Citizens Advice Volunteer, Jan Clampett has won a national short story competition that warns readers of the dangers of getting involved with a loan shark.
Jan’s story “Building a Better Future” is one of seven winning entries in the Stop Loan Sharks Short Story Competition, run by the England Illegal Money Lending Team (IMLT).
It has been released as part of the Stop Loan Sharks Week Christmas Campaign, #SharkFreeSurfing, urging people to avoid online loan sharks and get advice and support if they have fallen victim to illegal money lending.
When writing her short story, Jan was inspired by her volunteering role and her experience of teaching English language lessons for parents at a local school. The story tells how the borrower, a new arrival to England, was targeted by an unscrupulous loan shark.
Jan, who volunteers at the Citizens Advice Havering branch, said: “I have been a volunteer adviser for Citizens Advice for the last five years. The competition brought together two things I’m quite passionate about – helping people who are in debt and writing. The more aware people are of how loan sharks work, hopefully the less likely they will be to get involved with them. There is a lot of help available for those in debt from organisations such as Citizens Advice.”
The IMLT investigates and prosecutes illegal money lenders while supporting those who have borrowed money from a loan shark
Tony Quigley, Head of the England Illegal Money Lending Team said: “We would like to congratulate Jan Clampett for her winning entry for the Stop Loan Sharks Short Story Competition and commend her for volunteering for Citizens Advice.
“Jan’s story highlights how loan sharks may target those new arrivals in the UK who aren’t sure who to trust or where to turn to for help. Loan sharks are not your friend – these criminals are highly manipulative and want you under their control.
“We would urge anyone who is suffering at the hands of unscrupulous money lenders, or anyone who has concerns that a friend or loved one may be in danger, to contact us. Our officers and a range of support agencies are here to help, you are not alone.”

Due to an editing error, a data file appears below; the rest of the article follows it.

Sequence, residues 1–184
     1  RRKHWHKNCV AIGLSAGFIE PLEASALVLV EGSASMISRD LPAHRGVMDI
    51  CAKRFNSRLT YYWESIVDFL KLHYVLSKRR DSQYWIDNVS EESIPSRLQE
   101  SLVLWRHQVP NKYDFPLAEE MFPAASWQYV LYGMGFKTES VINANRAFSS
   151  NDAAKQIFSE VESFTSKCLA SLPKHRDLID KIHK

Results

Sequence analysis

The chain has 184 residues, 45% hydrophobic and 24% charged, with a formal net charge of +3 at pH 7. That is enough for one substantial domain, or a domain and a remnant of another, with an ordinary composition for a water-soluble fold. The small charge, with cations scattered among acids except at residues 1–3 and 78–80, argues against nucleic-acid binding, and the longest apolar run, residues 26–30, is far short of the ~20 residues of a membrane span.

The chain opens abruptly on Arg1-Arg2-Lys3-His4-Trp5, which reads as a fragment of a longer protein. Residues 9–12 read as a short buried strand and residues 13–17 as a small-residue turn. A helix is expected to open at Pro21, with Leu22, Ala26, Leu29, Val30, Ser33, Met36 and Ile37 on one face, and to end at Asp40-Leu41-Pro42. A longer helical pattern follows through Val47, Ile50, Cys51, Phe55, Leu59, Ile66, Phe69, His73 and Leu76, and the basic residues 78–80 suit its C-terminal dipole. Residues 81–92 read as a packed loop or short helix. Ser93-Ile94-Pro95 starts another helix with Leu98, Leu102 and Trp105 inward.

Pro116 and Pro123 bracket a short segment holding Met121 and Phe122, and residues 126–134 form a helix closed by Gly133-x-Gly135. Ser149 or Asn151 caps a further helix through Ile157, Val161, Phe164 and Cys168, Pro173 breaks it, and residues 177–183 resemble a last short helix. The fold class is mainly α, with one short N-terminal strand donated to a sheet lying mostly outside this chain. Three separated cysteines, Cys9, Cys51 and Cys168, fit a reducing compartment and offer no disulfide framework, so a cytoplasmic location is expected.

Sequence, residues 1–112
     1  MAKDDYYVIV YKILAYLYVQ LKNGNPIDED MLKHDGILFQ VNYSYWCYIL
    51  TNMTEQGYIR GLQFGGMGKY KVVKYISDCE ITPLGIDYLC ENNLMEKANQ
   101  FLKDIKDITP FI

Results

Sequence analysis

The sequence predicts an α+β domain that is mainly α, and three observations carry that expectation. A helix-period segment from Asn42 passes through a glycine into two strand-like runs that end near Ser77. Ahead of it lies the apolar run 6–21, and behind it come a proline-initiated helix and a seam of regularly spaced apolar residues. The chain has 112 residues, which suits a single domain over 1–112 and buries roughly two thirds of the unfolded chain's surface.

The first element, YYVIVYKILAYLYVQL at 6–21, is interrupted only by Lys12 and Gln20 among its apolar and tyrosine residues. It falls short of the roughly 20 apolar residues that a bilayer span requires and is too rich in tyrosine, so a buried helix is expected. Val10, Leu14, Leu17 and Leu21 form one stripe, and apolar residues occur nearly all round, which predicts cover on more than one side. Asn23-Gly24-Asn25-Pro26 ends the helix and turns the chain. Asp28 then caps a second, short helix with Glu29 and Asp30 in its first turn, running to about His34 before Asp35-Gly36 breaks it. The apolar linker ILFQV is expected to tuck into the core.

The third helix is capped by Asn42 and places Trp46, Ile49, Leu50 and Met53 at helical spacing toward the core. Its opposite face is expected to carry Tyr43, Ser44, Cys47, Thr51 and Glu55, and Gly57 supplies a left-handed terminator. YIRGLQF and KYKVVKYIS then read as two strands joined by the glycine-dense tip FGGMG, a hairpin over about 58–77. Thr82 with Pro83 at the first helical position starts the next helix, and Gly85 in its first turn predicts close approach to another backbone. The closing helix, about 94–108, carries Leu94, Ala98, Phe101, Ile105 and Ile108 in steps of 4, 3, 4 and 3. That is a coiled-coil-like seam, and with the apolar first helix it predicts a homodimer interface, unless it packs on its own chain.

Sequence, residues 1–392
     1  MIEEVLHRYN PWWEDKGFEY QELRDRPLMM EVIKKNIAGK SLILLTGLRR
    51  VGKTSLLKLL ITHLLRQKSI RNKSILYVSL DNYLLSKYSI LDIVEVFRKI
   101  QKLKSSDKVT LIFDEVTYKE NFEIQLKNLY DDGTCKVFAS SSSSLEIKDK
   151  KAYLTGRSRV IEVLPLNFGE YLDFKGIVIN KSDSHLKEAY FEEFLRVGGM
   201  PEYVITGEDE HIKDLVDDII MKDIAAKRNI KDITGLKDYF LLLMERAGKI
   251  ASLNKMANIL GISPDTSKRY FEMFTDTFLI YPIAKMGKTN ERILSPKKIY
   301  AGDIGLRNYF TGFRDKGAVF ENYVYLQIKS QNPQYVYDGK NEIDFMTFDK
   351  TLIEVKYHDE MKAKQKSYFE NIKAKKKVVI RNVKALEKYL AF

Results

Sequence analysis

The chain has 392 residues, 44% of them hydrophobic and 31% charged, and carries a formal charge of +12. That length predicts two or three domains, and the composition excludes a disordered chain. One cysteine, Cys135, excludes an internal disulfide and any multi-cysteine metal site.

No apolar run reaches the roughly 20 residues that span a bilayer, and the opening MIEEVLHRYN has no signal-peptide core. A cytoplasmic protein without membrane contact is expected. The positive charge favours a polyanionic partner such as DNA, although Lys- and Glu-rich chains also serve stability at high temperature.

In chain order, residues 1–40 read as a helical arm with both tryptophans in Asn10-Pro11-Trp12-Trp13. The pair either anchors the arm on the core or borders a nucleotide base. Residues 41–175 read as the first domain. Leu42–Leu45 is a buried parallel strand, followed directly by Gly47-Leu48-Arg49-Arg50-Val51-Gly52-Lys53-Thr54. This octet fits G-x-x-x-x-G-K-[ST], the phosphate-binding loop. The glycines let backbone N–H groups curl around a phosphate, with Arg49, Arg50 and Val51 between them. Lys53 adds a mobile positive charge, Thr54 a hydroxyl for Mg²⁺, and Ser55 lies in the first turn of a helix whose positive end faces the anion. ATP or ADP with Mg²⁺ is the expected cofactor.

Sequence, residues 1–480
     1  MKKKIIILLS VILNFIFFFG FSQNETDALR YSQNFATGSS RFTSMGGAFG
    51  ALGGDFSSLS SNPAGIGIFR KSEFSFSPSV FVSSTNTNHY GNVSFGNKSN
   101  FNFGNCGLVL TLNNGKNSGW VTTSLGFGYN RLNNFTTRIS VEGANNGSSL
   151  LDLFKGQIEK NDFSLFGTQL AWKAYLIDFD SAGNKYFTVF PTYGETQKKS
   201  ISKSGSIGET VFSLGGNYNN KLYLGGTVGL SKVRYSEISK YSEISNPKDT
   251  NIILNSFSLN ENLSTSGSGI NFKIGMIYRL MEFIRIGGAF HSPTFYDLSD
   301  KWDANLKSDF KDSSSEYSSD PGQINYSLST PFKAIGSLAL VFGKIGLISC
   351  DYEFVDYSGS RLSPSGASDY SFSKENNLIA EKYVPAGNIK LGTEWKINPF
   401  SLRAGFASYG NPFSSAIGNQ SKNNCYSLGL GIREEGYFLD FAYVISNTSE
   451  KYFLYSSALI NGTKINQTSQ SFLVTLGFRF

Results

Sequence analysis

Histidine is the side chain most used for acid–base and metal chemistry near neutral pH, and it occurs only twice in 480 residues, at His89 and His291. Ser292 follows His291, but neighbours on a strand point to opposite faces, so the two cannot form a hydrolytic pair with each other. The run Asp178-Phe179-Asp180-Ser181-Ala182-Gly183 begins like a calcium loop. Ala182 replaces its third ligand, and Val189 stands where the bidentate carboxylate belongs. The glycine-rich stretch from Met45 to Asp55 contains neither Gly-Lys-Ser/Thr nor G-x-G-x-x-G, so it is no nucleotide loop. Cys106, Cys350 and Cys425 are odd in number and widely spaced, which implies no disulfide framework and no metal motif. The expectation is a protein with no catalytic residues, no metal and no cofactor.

A loan shark is someone who lends money without the correct permission from the Financial Conduct Authority (FCA). They rarely give paperwork, can often charge extreme amounts of interest and may intimidate or threaten people if they can’t repay.
Written by Jan Clampett
‘You have light?’ The man held his cigarette up between his index and third finger. Mitch dug into the pockets of his donkey jacket and pulled out a Zippo.
‘Very nice. Expensive. I had one.’ The man sighed. ‘Not anymore.’
Mitch’s sovereign ring caught the sun as he held up his hand to light the cigarette. ‘Thank you.’ The man held out his hand. ‘Andrei Dragavei.’
They shook hands. ‘Mitch, pleased to meet you… Andrei. What brings you here, you sound a long way from home?’
‘Work. Is not so much back home.’
‘Where is that?’
‘Romania. Little town, near coast.’
He looked at the grey, concrete buildings of the town centre. ‘I miss sea.’
‘Your English is quite good.’
‘No, will get better. I go to classes.’
‘It’s much better than my Romanian.’ They both laughed.
‘I have Russian too.’
‘I can order two beers in Spanish. That’s my lot. What sort of work do you do?’
‘Back home, I farmer. We lost our land. Here, I am builder, labourer, not even that…’
‘Excuse me? I not understand.’
‘Why aren’t you working?’
‘I have no tools. After one week, mine stolen. Gone. Foreman not care. He say, “No tools, no work”. I cannot buy more. I have no money for three weeks.’
‘On behalf of my fellow countrymen, I apologise.’
Andrei looked puzzled.
‘I’m sorry,’ Mitch added. ‘There are bad people in every country.’
Andrei nodded sadly. He looked up at the building they were stood outside. ‘I thought maybe they help me here. Was hard. I not understand forms. Stress.’ He held up his cigarette. ‘I given up. My wife, she angry if she know.’
Mitch put his hand on Andrei’s back. ‘Sounds like you could do with a friend. Let me buy you lunch.’
‘Come with me.’ Mitch started walking away. Andrei did not move. Mitch stopped and waved him on. ‘Lunch. Something to eat.’ He mimed putting food in his mouth.
‘Ah no. I cannot…’
‘My treat. I pay.’ Mitch took out his wallet, which was bulging. ‘Come on. I had a win on the horses. Help me celebrate.’
Andrei laughed and started walking towards Mitch.
‘That’s more like it. There’s a café round the corner.’ Mitch looked around. ‘On second thoughts, it gets a bit busy at this time of day. We’ll go to a place up the road. It’s a bit of a walk but serves the best all-day breakfast in town. You look like you could do with fattening up.’
Mitch was out of breath by the time they reached the café. Andrei had not broken sweat.
‘You are very fit.’
Andrei smiled. ‘I like to keep myself, how you say, in shape.’
Andrei walked towards the table in the window. Mitch beckoned him further in.